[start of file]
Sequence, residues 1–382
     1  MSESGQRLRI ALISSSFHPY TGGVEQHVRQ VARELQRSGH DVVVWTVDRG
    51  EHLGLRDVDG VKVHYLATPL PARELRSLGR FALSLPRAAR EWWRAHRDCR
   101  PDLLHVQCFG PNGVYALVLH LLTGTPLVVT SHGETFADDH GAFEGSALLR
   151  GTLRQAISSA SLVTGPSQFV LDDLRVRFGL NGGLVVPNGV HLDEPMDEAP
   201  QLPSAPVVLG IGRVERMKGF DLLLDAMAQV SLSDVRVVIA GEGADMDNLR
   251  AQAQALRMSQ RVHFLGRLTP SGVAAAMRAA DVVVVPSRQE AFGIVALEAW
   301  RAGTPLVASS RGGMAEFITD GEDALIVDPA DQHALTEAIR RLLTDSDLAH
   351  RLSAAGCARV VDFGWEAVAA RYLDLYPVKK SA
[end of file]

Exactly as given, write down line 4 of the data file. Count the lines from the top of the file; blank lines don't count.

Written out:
   101  PDLLHVQCFG PNGVYALVLH LLTGTPLVVT SHGETFADDH GAFEGSALLR